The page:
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Analysing Texts:

translation and
language issues
5 ISIS and Daesh: language matters
Text to be analysed/translated
Words matter in ISIS war, so use Daesh
By Zeba Khan
THE MILITANTS who are killing civilians and beheading foreigners in Iraq and Syria are known by several names: the
Islamic State in Iraq and al-Sham, or ISIS; the Islamic State in Iraq and the Levant, or ISIL; and, more recently, the
Islamic State, or IS. French officials recently declared that that country would stop using any of those names and
instead refer to the group as Daesh.
The Obama Administration should switch to this nomenclature, too, because how we talk about this group is central
to defeating them.
Whether referred to as ISIS, ISIL, or IS, all three names reflect aspirations that the United States and its allies
unequivocally reject. Political and religious leaders all over the world have noted this. French Foreign Minister Laurent
Fabius said, This is a terrorist group and not a state. . . the term Islamic State blurs the lines between Islam, Muslims,
and Islamists. President Obama made similar remarks saying, ISIL is not Islamic . . . and [is] certainly not a state.
Muslim scholars around the world have denounced the groups attempt to declare a caliphate. The Syrian Sufi leader
Muhammad al-Yacoubi called the groups declaration illegitimate and that supporting it was haram, or forbidden.
The term Daesh is strategically a better choice because it is still accurate in that it spells out the acronym of the
groups full Arabic name, al-Dawla al-Islamiya fi al-Iraq wa al-Sham. Yet, at the same time, Daesh can also be
understood as a play on words and an insult. Depending on how it is conjugated in Arabic, it can mean anything
from to trample down and crush to a bigot who imposes his view on others.
Why do they care so much? The same reason the United States should. Language matters.
Daesh is a relatively small group, and propaganda is central to its growth strategy. Whether hijacking popular Twitter
hashtags or using little known distribution channels to post videos to YouTube, their leadership knows that the war of
words online is just as key to increasing its power and influence as the actual gruesome acts they commit on the
ground.
(The Boston Globe, October 09, 2014)
Text analysed: grammar, lexis, culture-
related issues
Words matter in ISIS war, so use Daesh
By Zeba Khan
THE MILITANTS who are killing civilians and beheading foreigners in Iraq and Syria are known by several names: the
Islamic State in Iraq and al-Sham, or ISIS; the Islamic State in Iraq and the Levant, or ISIL; and, more recently, the
Islamic State, or IS. French officials recently declared that that country would stop using any of those names and
instead refer to the group as Daesh.
The Obama Administration should switch to this nomenclature, too, because how we talk about this group is central
to defeating them.
Whether referred to as ISIS, ISIL, or IS, all three names reflect aspirations that the United States and its allies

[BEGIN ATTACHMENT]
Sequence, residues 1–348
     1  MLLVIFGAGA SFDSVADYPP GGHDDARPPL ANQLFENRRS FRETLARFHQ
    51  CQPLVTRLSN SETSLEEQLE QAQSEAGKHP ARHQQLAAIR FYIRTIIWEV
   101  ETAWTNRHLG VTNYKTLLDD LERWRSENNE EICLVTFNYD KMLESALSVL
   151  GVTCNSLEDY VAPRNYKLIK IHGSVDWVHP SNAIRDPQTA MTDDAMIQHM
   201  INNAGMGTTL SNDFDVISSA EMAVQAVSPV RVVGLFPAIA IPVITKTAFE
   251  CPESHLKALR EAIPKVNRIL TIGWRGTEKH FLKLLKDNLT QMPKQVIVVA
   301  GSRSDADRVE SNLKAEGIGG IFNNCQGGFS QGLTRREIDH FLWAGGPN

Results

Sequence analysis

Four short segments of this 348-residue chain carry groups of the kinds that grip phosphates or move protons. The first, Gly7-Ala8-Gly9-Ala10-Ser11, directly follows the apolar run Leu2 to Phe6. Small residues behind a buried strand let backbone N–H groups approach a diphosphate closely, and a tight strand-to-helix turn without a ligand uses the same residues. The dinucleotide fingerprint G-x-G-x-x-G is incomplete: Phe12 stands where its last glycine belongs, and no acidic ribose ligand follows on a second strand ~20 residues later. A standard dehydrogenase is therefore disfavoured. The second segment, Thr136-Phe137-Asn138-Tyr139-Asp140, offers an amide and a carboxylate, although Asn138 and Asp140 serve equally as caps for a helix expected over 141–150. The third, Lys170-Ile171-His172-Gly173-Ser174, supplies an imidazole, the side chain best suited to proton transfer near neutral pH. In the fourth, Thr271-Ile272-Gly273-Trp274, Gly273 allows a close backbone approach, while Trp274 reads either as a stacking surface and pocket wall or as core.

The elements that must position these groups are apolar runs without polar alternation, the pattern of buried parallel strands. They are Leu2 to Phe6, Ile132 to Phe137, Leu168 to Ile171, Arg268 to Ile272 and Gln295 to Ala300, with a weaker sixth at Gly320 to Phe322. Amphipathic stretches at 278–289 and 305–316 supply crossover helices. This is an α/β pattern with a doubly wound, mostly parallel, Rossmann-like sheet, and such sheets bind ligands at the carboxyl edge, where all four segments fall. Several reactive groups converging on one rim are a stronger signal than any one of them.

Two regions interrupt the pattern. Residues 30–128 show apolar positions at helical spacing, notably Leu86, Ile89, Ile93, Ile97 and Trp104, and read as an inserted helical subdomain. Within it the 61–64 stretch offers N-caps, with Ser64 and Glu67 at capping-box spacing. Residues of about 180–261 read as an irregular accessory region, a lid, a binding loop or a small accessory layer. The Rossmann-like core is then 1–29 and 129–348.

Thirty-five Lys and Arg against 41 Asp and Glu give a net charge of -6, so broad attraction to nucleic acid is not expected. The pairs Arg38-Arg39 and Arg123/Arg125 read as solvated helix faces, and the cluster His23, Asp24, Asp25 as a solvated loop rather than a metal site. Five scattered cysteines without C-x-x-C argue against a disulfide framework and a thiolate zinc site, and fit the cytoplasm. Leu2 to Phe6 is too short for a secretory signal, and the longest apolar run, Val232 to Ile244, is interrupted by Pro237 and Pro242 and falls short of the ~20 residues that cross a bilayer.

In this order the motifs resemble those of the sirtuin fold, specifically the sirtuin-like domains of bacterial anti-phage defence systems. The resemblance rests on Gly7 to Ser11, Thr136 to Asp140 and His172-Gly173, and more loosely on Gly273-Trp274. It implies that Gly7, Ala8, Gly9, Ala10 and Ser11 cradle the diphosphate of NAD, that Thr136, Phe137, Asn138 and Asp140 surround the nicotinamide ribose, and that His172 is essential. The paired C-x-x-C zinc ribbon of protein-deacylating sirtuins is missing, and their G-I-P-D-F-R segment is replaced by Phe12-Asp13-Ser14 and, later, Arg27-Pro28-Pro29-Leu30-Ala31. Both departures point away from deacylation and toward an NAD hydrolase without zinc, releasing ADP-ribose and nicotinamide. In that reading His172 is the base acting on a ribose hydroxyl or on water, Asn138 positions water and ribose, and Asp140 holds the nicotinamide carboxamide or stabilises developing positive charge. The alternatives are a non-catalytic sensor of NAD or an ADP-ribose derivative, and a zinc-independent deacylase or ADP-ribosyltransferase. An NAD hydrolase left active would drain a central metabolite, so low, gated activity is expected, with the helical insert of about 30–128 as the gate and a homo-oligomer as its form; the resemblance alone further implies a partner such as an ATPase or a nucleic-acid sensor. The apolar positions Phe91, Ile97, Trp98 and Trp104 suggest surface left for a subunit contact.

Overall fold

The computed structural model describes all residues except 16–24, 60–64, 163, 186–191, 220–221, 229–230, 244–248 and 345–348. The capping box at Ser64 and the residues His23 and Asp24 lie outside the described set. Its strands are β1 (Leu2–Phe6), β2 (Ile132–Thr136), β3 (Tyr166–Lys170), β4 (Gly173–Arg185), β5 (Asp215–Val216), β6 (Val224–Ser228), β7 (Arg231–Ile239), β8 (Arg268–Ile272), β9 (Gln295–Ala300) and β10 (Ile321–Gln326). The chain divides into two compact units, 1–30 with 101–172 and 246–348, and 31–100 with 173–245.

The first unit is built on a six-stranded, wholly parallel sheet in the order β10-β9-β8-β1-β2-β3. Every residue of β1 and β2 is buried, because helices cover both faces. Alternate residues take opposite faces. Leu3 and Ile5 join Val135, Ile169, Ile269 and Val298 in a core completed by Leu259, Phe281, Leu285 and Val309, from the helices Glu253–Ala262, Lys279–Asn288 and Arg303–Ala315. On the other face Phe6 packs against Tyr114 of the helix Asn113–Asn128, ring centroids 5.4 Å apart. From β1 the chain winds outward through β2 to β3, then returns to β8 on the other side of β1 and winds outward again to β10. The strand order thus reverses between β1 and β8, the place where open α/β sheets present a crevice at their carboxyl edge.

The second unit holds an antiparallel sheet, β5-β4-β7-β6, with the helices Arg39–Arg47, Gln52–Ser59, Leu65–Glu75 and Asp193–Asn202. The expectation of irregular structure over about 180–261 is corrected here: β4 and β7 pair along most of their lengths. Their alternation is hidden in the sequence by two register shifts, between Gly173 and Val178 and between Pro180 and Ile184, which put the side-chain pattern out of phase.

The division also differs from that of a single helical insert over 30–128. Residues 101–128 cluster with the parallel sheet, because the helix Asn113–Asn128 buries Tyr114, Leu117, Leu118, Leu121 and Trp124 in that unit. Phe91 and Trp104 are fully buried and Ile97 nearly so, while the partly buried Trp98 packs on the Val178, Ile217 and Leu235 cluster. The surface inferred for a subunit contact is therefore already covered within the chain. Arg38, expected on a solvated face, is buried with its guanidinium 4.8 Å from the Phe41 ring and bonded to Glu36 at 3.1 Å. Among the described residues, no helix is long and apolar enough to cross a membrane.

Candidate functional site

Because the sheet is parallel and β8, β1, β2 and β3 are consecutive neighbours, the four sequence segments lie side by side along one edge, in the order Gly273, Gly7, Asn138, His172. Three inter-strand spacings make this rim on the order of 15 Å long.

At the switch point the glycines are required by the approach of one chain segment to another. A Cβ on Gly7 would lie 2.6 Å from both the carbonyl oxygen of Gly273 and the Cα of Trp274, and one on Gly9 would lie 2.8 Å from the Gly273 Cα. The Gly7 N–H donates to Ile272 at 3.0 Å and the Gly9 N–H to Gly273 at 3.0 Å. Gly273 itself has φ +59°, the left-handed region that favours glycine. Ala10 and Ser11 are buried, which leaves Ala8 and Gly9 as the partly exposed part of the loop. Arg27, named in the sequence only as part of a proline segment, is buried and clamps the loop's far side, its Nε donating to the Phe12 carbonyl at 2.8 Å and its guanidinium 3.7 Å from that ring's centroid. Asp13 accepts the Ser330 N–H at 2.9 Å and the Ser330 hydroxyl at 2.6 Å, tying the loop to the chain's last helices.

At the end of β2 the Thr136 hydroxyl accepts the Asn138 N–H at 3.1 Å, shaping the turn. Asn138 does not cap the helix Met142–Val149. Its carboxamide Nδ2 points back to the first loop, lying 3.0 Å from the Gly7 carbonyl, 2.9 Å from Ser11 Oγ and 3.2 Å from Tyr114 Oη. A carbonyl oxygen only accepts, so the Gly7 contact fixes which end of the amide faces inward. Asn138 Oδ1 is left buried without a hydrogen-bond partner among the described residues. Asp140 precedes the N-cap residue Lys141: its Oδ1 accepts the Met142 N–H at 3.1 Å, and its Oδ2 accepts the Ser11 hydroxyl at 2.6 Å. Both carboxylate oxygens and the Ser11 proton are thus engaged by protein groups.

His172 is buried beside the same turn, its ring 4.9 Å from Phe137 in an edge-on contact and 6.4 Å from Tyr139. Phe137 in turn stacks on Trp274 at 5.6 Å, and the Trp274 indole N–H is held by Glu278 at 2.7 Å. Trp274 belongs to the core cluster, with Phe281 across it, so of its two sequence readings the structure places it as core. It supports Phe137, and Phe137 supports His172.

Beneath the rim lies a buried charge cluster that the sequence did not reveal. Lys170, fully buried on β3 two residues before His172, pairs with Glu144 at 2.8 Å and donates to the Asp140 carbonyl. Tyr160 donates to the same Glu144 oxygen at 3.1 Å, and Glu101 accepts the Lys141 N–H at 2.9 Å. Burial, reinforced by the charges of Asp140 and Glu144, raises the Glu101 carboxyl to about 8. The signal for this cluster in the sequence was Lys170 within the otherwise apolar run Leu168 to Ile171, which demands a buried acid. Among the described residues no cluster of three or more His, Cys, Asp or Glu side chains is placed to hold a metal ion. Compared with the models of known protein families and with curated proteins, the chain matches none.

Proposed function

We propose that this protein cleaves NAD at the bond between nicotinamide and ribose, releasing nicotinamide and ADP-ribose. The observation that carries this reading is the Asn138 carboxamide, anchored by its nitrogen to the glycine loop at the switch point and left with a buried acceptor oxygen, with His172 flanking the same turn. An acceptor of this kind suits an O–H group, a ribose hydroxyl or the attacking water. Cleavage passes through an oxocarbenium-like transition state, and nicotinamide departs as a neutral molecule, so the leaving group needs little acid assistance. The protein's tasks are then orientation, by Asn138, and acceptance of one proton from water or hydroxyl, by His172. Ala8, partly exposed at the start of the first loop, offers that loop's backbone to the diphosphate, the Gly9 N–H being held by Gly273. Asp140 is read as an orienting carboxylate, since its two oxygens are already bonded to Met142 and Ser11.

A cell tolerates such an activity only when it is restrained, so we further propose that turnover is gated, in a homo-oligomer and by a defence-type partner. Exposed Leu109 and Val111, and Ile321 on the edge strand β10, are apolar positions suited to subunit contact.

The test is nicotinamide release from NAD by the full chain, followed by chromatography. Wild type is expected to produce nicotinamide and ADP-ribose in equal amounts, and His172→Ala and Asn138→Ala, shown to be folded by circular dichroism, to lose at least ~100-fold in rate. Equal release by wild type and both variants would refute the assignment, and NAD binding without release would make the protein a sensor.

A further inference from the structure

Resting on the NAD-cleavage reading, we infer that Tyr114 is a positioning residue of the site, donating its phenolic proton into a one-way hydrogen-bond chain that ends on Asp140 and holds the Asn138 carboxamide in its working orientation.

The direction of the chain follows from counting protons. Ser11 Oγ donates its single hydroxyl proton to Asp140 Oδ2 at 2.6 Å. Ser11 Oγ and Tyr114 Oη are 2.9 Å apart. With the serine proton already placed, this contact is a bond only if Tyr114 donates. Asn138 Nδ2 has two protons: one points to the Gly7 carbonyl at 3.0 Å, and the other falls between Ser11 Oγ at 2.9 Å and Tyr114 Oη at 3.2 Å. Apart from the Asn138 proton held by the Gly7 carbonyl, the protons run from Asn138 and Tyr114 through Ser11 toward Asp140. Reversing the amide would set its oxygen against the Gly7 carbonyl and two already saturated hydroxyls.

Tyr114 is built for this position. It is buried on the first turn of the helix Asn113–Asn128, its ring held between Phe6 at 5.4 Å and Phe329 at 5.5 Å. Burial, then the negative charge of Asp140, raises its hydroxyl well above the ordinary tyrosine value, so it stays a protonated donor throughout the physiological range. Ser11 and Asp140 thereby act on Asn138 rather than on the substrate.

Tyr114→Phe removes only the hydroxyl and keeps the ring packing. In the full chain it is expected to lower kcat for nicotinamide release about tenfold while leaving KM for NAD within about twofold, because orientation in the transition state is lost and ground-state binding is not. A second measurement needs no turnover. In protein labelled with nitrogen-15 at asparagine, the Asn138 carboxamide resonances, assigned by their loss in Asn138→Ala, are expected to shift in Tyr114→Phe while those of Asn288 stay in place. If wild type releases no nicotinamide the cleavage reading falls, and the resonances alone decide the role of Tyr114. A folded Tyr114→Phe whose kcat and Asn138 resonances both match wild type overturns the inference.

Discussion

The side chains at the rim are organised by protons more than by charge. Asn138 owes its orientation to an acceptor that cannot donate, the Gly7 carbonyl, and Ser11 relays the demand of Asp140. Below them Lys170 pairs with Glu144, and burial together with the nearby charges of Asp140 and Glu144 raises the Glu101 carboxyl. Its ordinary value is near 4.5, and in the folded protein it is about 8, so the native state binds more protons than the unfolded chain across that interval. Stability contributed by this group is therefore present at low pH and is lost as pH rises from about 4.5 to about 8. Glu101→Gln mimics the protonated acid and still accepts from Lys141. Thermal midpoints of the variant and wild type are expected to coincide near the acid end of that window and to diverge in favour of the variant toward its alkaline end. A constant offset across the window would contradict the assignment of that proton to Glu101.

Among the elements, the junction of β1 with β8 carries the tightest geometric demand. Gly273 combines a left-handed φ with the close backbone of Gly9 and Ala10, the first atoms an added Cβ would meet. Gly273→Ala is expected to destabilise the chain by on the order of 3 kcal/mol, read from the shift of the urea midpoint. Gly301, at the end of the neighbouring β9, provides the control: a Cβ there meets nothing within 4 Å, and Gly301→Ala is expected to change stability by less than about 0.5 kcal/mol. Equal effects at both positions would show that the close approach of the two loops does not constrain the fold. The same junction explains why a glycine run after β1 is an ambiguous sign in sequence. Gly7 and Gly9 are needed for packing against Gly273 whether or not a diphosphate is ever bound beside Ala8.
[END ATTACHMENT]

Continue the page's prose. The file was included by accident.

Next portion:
unequivocally reject. Political and religious leaders all over the world have noted this. French Foreign Minister Laurent
Fabius said, This is a terrorist group and not a state. . . the term Islamic State blurs the lines between Islam,
Muslims, and Islamists. President Obama made similar remarks saying, ISIL is not Islamic . . . and [is] certainly not
a state.
Muslim scholars around the world have denounced the groups attempt to declare a caliphate. The Syrian Sufi leader
Muhammad al-Yacoubi called the groups declaration illegitimate and that supporting it was haram, or forbidden.
The term Daesh is strategically a better choice because it is still accurate in that it spells out the acronym of the
groups full Arabic name, al-Dawla al-Islamiya fi al-Iraq wa al-Sham. Yet, at the same time, Daesh can also be
understood as a play on words and an insult. Depending on how it is conjugated in Arabic, it can mean anything
from to trample down and crush to a bigot who imposes his view on others.
Why do they care so much? The same reason the United States should. Language matters.
Daesh is a relatively small group, and propaganda is central to its growth strategy. Whether hijacking popular Twitter
hashtags or using little known distribution channels to post videos to YouTube, their leadership knows that the war of
words online is just as key to increasing its power and influence as the actual gruesome acts they commit on the
ground.
Steps
1)Being aware of the text you are going to
translate (Context of situation, Context of
culture, Genre, Text Type)
2)Find any possible translation-related issue
(conveying sense from a SL to a TL)
3)Find relevant keywords (and their related
translations)
4)Translate text
Being aware of the text you are going to translate
(Context of situation, Context of culture, Genre,
Text Type)
This text is taken from an online source, The Boston Globe.
It is a news portal, therefore the article chosen aims at
providing information about a given field.
In this specific case, the 2014 (!) article focuses on a
secondary perspective compared with the macro-field that
makes up the framework of the text, that is the atrocious
murders carried out by ISIS/ISIL/IS/Daesh. Language issues,